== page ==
Ben Cauchi’s photographs may seem to spurn the contemporary world. Over the past decade he has worked consistently with the wet-collodion process that dates back to the ‘birth’ of photography in the mid-nineteenth century. For the most part he produces ambrotypes and tintypes, fixing shadowy images onto a glass or metal plate. These are unique objects, made inside the camera; coated, exposed and developed by hand. They leave the studio newly made but already looking old, slightly deadened, and eerily dislocated from the present.
Yet Cauchi has no interest in simply reviving or celebrating antiquated technologies. He uses historic processes to explore contemporary questions around our relationship to the photographic image. While looking back to Victorian modes and processes, Cauchi’s practice is turned on contemporary expectations of the medium—especially our continued desire to believe in the veracity of the photograph and its power to shape and make sense of the world that surrounds us.
Cauchi unravels photography’s claims to truth and objectivity, along with its connection to the here and now, to being of and about the present. His is an art of interior spaces and states of being. Working with what is not there, rather than what is, he grants tangible form to the intangible, making the absent present. Rather than using the camera to capture moments of decisive action, Cauchi lingers on the lulls or silences that come before or after an event. He dwells on what is left behind or forgotten, that which hovers beyond the frame, or the passage of time itself.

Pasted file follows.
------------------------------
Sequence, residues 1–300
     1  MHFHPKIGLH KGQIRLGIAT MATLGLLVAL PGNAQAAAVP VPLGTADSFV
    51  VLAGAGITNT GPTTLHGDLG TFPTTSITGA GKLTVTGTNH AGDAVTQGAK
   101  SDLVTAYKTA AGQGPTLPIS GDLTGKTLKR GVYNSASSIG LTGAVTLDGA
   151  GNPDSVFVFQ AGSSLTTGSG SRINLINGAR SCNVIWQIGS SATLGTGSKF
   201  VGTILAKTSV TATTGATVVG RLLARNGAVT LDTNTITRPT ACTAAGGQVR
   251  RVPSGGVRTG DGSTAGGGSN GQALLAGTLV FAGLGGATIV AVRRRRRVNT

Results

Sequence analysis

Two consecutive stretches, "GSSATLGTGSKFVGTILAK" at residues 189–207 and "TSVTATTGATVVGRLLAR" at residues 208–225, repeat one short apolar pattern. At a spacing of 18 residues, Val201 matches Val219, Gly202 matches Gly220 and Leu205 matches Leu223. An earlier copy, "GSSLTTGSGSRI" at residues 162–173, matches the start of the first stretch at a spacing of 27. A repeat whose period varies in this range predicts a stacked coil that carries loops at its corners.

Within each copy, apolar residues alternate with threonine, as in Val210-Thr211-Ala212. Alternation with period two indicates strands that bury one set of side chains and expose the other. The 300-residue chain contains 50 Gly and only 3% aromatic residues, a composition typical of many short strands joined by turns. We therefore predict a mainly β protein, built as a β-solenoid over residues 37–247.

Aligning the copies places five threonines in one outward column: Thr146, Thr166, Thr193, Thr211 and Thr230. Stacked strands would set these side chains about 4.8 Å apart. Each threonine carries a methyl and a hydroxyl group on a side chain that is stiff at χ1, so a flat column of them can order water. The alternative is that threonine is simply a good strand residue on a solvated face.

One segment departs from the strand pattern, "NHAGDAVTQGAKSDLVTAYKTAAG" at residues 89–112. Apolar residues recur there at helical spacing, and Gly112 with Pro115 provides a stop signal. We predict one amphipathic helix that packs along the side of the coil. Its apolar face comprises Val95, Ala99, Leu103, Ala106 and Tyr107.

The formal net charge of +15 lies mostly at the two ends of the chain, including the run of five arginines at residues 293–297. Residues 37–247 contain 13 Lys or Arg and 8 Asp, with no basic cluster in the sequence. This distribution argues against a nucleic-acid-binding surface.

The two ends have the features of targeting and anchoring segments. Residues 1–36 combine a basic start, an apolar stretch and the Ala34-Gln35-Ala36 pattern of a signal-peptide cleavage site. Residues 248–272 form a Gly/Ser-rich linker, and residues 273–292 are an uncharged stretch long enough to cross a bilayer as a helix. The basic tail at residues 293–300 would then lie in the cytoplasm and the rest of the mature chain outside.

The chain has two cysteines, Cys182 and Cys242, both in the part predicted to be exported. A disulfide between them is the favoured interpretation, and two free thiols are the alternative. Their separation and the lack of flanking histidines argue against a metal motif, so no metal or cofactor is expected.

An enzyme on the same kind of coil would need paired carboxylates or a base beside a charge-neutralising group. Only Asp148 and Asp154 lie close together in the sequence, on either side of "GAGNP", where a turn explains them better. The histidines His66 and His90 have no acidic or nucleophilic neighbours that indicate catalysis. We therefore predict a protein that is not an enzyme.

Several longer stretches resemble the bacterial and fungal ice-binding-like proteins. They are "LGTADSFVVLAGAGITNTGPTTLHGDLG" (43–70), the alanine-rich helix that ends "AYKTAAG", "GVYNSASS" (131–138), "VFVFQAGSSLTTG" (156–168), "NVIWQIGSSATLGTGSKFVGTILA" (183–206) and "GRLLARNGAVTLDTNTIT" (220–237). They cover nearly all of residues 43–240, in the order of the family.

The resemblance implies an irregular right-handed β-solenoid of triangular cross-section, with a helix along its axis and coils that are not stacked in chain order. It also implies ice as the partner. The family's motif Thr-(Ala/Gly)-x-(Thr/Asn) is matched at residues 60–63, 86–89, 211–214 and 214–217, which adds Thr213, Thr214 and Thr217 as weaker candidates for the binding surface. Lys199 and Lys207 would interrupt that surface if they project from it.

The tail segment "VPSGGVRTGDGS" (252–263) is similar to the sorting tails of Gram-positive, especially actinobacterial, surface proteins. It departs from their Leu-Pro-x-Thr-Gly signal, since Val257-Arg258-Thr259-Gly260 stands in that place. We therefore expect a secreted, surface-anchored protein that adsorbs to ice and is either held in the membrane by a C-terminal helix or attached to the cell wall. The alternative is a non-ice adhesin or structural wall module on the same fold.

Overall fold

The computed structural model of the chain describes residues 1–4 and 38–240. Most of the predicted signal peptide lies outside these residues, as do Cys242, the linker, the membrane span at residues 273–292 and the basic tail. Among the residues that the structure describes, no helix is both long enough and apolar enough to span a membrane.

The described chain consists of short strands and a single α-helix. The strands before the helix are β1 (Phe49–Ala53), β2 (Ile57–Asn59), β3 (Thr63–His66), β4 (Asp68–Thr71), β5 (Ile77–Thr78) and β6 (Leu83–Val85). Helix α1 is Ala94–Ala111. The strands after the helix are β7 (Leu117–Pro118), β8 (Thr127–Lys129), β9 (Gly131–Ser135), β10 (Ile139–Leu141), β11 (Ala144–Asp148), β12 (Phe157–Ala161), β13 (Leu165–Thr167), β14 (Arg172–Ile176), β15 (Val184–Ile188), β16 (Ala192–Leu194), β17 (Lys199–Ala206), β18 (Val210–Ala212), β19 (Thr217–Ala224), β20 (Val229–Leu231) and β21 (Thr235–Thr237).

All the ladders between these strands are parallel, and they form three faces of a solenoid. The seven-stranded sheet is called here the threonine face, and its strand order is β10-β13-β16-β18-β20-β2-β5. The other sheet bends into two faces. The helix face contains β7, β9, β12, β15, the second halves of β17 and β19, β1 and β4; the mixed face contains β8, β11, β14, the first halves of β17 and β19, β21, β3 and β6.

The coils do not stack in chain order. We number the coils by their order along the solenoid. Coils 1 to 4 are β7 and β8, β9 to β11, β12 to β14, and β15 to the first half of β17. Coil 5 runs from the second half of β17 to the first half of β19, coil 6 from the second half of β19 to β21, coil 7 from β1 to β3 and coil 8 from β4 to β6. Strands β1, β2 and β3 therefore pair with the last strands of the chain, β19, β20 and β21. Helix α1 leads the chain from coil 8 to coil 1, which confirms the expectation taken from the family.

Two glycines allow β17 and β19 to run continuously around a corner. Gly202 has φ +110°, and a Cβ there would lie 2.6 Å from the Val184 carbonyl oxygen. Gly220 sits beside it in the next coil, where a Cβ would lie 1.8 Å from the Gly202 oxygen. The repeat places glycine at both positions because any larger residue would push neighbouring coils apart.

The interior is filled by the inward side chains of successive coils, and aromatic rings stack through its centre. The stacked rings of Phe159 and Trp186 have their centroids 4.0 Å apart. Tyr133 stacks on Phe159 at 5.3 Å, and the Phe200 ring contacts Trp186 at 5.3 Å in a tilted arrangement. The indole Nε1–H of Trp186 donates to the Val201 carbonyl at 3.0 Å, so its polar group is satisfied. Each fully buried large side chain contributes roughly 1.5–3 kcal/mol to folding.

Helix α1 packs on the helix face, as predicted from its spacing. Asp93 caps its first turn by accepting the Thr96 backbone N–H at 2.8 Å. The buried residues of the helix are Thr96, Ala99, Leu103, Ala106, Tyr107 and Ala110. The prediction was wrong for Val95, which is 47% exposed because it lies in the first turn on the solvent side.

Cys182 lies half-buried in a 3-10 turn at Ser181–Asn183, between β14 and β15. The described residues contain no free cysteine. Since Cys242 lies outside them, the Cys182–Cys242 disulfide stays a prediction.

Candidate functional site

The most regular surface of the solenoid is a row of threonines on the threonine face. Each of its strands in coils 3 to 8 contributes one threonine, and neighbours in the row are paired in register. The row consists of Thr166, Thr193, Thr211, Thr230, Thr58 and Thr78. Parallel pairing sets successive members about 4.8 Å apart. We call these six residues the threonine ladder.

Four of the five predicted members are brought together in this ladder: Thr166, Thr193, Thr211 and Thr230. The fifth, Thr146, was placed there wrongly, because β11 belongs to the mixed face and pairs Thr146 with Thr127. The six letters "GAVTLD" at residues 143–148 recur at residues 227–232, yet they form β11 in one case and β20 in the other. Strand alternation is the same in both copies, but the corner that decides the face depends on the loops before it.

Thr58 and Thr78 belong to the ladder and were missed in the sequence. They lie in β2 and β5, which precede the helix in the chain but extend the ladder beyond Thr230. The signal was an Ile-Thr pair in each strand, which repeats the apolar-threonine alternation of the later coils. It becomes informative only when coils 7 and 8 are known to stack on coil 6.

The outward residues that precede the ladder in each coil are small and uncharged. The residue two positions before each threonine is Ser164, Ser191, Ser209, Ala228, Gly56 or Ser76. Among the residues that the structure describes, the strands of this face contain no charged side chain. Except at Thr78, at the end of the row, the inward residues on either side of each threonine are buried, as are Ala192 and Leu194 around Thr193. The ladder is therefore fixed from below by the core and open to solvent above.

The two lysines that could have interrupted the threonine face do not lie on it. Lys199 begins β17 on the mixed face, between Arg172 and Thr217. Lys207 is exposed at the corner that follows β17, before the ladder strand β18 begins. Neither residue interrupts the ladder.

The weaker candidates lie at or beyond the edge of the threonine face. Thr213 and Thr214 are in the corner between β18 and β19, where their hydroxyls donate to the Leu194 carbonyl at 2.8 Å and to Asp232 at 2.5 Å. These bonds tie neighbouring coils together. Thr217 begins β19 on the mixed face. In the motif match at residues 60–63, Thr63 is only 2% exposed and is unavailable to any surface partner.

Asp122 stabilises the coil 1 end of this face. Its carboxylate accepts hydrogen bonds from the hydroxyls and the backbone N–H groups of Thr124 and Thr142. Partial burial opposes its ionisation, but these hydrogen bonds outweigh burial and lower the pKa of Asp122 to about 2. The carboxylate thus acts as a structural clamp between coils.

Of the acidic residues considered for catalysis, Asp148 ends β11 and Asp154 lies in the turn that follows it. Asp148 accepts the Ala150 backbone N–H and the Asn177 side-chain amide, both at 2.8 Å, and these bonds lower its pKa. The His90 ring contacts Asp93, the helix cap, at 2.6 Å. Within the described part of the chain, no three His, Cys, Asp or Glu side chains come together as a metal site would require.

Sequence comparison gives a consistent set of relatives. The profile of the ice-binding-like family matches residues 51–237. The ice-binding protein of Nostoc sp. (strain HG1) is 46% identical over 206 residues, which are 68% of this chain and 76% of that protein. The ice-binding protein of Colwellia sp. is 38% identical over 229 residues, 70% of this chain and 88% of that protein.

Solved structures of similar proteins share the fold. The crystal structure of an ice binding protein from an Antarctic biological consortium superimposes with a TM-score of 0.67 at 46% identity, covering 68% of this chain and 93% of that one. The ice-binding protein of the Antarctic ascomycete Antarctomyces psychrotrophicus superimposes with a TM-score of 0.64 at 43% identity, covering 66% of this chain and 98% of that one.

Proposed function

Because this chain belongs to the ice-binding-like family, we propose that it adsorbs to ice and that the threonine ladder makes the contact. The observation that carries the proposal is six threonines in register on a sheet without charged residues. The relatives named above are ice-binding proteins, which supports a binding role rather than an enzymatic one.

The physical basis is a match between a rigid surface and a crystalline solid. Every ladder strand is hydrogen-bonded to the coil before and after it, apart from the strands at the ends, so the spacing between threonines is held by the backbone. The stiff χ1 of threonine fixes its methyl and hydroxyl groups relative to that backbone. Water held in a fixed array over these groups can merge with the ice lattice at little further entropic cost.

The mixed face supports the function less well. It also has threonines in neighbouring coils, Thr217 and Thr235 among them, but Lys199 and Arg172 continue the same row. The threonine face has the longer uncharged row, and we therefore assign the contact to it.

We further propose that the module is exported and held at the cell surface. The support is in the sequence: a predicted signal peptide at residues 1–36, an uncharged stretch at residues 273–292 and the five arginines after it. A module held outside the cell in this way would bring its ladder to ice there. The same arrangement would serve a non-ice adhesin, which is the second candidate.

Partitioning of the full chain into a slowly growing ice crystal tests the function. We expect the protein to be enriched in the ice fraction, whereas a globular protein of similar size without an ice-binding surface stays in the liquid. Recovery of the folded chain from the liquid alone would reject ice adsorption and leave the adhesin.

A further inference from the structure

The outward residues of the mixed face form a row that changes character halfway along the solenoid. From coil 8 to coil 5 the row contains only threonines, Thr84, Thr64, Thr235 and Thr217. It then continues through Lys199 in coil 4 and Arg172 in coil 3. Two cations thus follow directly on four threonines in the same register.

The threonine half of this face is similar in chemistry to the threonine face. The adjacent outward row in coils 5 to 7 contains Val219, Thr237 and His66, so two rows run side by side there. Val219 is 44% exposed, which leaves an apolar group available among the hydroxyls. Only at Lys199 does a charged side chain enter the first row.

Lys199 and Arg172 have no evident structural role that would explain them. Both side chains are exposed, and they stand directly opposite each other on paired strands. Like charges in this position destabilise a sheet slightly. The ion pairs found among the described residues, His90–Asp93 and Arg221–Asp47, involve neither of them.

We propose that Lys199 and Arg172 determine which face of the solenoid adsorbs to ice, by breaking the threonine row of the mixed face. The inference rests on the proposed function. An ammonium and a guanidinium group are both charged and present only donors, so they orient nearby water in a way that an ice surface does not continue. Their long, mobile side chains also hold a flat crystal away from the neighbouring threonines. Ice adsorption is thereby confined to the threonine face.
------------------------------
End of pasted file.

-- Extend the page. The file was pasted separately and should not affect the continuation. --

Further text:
The Sophist’s Mirror is testament to one artist’s sustained investigation into the nature and experience of photography and the psychological dimensions of viewing. These photographs may seem to arrive from another time and place, yet each tests and complicates the ways that photography can operate in and on the contemporary world.